“Frankly, we had such problems with our AAVs in
that we stopped using them outside the gate and we never even took them to Iraq .” Afghanistan
Well that’s interesting!
|EFV/ACV - Key To The Future?|
Mullen noted the relationship between aviation based assault and ground/amphibious assault. He acknowledged that the aviation assets had only a limited ability to transport vehicles and then only in a permissive environment. The difficulty in achieving a suitable permissive environment provides the rationale for the continued need for a ground/amphibious capability, according to him.
Addressing the general need for an AAV type vehicle, Mullen stated,
“To us, we see the ability to have an independent deployer that swims ashore without any connector as a service defining capability.”
Mullen addressed the connector issue shortcomings,
“With the route we’re taking, LCUs and LCACs probably aren’t going to be enough. What else is there out there? What else can be done?”
So, the Marines apparently recognize a serious shortcoming but are doing little about it beyond a few paper studies and investigations. With such a significant problem, one can’t help but wonder why the Marines budget and focus is so skewed to the aviation side especially given the previous statement recognizing the vulnerability of aviation transport.
He went on to cite the JHSV with an at-sea ramp capability as an option that the Marines are requesting. The JHSV would transport vehicles to just outside small arms range and discharge the vehicles into the sea. Of course, the JHSV is built to purely commercial standards and operating it to just outside small arms range still leaves it squarely in rocket and missile range. That’s a questionable use of the JHSV.
Of course, one could ask why, if the Marines see the combination of LCAC and LCU as insufficient, are we pursuing a simple replacement of the LCAC and a perhaps somewhat more capable LCU rather than far more capable and robust replacements that would be sufficient?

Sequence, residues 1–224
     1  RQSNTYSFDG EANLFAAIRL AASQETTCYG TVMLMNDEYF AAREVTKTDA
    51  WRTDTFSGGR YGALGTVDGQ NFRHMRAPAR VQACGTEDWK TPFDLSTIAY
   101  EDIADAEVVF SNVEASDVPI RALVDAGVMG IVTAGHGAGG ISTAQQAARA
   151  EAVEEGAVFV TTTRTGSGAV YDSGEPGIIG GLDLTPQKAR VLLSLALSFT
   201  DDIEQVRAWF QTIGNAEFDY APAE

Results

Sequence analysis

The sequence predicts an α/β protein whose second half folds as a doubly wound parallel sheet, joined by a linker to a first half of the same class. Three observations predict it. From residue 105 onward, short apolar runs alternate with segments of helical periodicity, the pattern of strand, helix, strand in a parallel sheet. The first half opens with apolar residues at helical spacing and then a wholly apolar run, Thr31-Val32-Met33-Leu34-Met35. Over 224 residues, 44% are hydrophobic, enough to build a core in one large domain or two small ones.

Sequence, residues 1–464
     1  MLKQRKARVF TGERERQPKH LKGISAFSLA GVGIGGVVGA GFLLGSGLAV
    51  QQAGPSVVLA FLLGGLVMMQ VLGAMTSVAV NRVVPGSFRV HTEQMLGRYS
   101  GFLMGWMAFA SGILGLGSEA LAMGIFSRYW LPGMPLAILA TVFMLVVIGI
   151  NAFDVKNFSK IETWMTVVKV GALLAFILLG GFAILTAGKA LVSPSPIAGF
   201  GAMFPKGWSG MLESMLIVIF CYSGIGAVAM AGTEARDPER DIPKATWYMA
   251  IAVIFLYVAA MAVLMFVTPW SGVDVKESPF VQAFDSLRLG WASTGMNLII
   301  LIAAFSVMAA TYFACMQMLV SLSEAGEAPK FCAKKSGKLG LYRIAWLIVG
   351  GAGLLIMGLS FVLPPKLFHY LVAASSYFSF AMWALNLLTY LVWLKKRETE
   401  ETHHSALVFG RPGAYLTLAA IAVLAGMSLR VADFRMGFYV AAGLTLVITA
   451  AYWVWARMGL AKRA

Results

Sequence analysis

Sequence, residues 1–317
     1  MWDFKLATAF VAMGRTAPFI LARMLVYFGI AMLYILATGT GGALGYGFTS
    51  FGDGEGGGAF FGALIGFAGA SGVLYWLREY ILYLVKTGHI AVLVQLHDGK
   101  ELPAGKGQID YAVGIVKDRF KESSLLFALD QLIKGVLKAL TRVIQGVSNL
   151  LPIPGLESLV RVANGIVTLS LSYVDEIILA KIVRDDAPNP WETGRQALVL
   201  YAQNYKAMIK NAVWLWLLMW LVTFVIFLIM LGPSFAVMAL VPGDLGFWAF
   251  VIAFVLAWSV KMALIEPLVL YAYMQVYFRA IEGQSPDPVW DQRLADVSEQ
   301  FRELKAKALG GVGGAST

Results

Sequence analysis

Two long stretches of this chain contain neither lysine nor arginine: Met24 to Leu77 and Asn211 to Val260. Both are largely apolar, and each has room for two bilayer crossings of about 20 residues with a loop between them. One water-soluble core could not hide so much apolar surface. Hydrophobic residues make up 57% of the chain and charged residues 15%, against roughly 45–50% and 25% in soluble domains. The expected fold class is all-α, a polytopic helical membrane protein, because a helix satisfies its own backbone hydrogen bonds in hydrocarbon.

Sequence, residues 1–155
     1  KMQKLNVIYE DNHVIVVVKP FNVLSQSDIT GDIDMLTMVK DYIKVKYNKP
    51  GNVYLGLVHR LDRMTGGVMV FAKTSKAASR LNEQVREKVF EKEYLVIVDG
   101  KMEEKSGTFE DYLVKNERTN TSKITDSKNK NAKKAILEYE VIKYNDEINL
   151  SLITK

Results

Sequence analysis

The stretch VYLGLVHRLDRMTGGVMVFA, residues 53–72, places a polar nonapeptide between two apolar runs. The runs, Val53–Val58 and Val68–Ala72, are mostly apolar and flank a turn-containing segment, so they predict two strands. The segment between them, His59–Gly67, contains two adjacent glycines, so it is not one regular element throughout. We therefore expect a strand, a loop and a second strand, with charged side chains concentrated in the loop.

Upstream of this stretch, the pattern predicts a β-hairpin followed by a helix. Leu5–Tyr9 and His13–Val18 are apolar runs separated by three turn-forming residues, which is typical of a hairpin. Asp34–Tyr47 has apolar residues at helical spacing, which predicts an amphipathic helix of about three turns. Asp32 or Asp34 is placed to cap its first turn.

Responding to a question about the vulnerability of connectors to shore based missiles, Mullen noted that the Marines would operate with the Navy and Air Force who would suppress shore based anti-access (A2) fire. However, he then went on to say that the Marines see their role as getting a “bubble” of capability ashore to aid in the counter A2 operation. That’s fine, but there’s a Catch-22 at work: how do the Marines get ashore to aid in the counter A2 operations if the counter A2 operations haven’t yet succeeded? - and, if the counter A2 operations have succeeded enough to get the Marines ashore then their assistance in the counter A2 operations isn’t really needed. He did not acknowledge that logical inconsistency. He also cited the V-22 as aiding in getting the Marines ashore to help with the counter A2. Again, he did not address the vulnerability of the V-22 to air defenses in a counter A2 environment. I’m sorry but the Marines doctrine and concept of operations seems heavily dependent on wishful thinking!
Finally, although this was not his closing statement, it should have been.
“As the fiscal environment gets more constrained, we have to think harder.”
Please, Marines, think a
LOT harder than you currently are!!
(1) http://csis.org/event/future-amphibious-connectors-getting-ship-shore, Center for Strategic and International Studies, “Future Amphibious Connectors: Getting From Ship To Shore”, Brig. Gen. William Mullen, Director, Capabilities Development Directorate,